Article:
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Amazing Race auditions this Sunday at Big Al's

'The Amazing Race' is making a stop in Beaverton this week looking for local folks to compete in future seasons.

The popular game show on CBS - which sends teams of contestants around the world in a race for $1 million - is looking for its next contestants, and it's holding a casting call at Big Al's bowling alley in Progress Ridge on Sunday.

For more than 10 years, contestants on the show have raced around the world, completing challenges and overcoming obstacles, and producers are looking for a new set of teams to compete on the show.

Hosted by the local CBS affiliate KOIN, more than a thousand people are expected to attend the one-day casting call.

Normally, interested contestants can submit an audition tape online, but with that deadline past, KOIN's sales and marketing manager Rodger O'Conner said attending a local casting call is the only way to submit a tape.

There are less than 20 open casting calls across the country every year, O'Conner said.

At a similar casting call in 2011, more than 1,500 people auditioned, O'Conner said.

'We had people coming in from Phoenix and Miami and across the country to audition,' O'Conner said. 'We expect as good a turnout or a better turnout.'

Unlike other casting calls, which require hours of standing in line, the Big Al's casting call will be different.

Big Al's' doors will open at 10 a.m. Teams will spend their day bowling, playing games and having fun at the 66,000-square-foot bowling and entertainment center while they wait for their turn to audition.

Each team will be given a number, which will be called at random.

Once called, the teams will go before the cameras to tape a one-minute audition, which will be sent to producers in California.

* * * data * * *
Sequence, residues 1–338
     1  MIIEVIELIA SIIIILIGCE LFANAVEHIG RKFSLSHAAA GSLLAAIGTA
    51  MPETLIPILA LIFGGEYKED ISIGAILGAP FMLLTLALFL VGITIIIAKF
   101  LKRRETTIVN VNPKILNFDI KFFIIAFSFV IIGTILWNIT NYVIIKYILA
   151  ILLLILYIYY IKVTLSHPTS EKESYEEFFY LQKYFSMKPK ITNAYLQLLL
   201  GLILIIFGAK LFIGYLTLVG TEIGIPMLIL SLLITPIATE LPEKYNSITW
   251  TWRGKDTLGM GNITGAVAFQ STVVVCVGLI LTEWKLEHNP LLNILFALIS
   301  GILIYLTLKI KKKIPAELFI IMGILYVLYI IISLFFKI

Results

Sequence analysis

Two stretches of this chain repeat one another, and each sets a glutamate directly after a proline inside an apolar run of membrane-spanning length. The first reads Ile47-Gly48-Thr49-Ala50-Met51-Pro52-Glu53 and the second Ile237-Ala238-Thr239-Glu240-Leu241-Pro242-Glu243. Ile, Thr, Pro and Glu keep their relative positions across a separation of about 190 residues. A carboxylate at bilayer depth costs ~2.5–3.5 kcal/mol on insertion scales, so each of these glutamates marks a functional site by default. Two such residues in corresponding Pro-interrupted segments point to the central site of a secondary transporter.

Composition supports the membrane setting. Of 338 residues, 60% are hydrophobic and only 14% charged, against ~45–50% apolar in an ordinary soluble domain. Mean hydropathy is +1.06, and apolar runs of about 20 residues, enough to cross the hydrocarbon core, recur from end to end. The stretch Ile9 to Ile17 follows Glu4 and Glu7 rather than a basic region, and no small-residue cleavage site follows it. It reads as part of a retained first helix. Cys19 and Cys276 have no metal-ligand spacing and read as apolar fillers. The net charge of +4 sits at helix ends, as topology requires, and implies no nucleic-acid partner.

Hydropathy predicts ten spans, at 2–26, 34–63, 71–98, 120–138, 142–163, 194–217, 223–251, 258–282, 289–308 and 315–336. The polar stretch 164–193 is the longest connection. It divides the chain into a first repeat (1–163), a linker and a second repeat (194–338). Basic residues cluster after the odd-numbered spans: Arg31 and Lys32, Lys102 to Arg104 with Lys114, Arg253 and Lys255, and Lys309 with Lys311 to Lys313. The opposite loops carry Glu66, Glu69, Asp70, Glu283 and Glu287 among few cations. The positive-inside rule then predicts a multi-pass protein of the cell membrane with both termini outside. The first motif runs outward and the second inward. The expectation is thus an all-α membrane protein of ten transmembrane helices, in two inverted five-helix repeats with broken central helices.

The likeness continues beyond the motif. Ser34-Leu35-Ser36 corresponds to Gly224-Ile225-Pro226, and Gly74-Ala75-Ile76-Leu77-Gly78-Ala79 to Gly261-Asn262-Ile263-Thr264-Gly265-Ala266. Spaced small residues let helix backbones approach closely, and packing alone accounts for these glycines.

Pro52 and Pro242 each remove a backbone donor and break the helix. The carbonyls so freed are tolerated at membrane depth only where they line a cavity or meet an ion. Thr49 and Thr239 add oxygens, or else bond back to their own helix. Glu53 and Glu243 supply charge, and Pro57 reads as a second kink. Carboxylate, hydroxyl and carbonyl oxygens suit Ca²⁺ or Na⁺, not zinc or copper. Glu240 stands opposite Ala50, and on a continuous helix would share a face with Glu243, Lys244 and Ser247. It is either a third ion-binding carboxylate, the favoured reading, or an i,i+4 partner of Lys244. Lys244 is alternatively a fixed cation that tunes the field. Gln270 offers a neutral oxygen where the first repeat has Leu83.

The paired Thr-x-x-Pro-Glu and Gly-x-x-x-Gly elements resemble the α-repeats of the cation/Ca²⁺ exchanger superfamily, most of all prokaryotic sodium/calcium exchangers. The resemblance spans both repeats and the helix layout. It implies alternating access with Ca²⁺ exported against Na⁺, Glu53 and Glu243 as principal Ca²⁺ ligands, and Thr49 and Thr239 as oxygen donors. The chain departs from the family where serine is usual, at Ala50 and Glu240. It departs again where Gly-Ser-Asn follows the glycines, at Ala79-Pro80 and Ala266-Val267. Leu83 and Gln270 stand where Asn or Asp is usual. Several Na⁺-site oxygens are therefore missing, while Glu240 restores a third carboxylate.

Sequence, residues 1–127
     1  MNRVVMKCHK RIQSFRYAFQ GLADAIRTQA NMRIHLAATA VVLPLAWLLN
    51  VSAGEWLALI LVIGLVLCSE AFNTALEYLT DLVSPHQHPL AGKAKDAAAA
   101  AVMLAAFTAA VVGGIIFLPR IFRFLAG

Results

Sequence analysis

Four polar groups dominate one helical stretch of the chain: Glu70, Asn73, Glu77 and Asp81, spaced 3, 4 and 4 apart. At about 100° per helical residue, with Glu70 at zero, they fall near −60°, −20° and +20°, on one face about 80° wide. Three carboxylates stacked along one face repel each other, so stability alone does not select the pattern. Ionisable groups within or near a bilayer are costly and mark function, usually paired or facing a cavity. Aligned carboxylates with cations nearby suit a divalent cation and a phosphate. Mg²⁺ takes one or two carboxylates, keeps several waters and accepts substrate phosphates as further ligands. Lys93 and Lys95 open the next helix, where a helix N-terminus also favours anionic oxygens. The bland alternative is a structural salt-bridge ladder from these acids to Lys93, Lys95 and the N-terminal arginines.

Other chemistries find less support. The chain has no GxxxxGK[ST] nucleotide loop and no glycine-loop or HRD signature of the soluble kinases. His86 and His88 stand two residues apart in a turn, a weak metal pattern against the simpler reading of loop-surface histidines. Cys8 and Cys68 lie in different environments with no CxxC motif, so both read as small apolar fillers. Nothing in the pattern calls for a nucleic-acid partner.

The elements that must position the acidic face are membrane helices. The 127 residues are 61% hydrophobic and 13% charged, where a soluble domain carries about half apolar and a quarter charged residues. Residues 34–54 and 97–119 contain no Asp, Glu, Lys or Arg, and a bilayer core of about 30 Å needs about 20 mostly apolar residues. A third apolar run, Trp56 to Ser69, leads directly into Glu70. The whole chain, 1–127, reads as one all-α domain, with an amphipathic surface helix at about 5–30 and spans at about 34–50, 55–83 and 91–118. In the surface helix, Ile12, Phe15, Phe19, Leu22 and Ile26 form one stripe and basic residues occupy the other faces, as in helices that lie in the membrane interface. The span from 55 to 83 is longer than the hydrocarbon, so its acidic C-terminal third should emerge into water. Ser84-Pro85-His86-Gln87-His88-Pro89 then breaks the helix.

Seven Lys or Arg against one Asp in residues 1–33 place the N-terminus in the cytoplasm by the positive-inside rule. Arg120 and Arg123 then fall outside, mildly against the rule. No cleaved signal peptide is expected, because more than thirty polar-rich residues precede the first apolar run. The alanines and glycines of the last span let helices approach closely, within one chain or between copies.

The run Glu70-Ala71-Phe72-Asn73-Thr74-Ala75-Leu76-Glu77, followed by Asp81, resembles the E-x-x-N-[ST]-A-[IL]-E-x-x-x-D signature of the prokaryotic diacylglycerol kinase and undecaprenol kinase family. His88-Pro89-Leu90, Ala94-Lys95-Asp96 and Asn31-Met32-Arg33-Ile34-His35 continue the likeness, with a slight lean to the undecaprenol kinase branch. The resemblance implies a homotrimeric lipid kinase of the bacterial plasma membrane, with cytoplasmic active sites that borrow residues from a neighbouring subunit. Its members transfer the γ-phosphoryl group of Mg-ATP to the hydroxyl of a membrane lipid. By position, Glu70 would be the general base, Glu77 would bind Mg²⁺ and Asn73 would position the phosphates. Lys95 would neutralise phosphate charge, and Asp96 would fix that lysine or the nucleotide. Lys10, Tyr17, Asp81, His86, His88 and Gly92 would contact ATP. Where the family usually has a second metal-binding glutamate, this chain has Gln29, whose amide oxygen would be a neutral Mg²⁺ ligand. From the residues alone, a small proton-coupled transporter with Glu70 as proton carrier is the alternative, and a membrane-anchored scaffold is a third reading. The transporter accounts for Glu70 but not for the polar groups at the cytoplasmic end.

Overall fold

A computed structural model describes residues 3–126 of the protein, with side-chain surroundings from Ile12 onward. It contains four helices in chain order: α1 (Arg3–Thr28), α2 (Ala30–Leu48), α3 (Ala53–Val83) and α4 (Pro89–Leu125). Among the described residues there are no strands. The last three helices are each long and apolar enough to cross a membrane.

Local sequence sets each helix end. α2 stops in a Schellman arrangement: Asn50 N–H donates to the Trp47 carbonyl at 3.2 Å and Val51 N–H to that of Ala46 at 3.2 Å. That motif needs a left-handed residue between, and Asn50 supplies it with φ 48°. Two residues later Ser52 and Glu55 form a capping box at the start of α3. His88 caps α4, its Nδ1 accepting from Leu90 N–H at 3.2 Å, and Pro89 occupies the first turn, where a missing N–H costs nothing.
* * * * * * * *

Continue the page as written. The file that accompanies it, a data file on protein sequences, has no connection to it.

Convincing producers you belong on TV in 60 seconds or less is a difficult task, but that's the idea, O'Conner said.

"The best thing to do is to be memorable,' O'Conner said. 'Obviously, the casting director is looking for different combinations of teams, and the ultimate goal is to make great television.'

Contestants don't need to bring anything with them, O'Conner said, and should not bring pre-taped auditions.

'Part of what producers are looking for is how well you and your teammate perform in front of the camera under pressure,' O'Conner said. 'A pre-prepared video does not demonstrate that. Everything producers need to judge you worthy of advancing to the next stage must fit in your one-minute performance.'

Not all teams will get the chance to audition, O'Conner said. Numbers will be called at random and as many auditions as possible will be taped.

The tapes will then be sent to California for review. If selected, teams will advance to a second phase of auditions held later this year.

'The Amazing Race' is no stranger to the Rose City. The show used Portland as the final stop of its race in 2008.

Though four Oregonians have competed on the series (Eugene residents Kami and Karli French competed in season five and Anita and Arthur Jones in season 13), no Portland-area contestant has ever made it to the show.

O'Conner said the auditions may not be for the newest season of 'The Amazing Race,' which is scheduled to begin later this year.

'This audition is for next season and for future seasons,' O'Conner said. 'If you don't get a call now, you could get a call months from now.'

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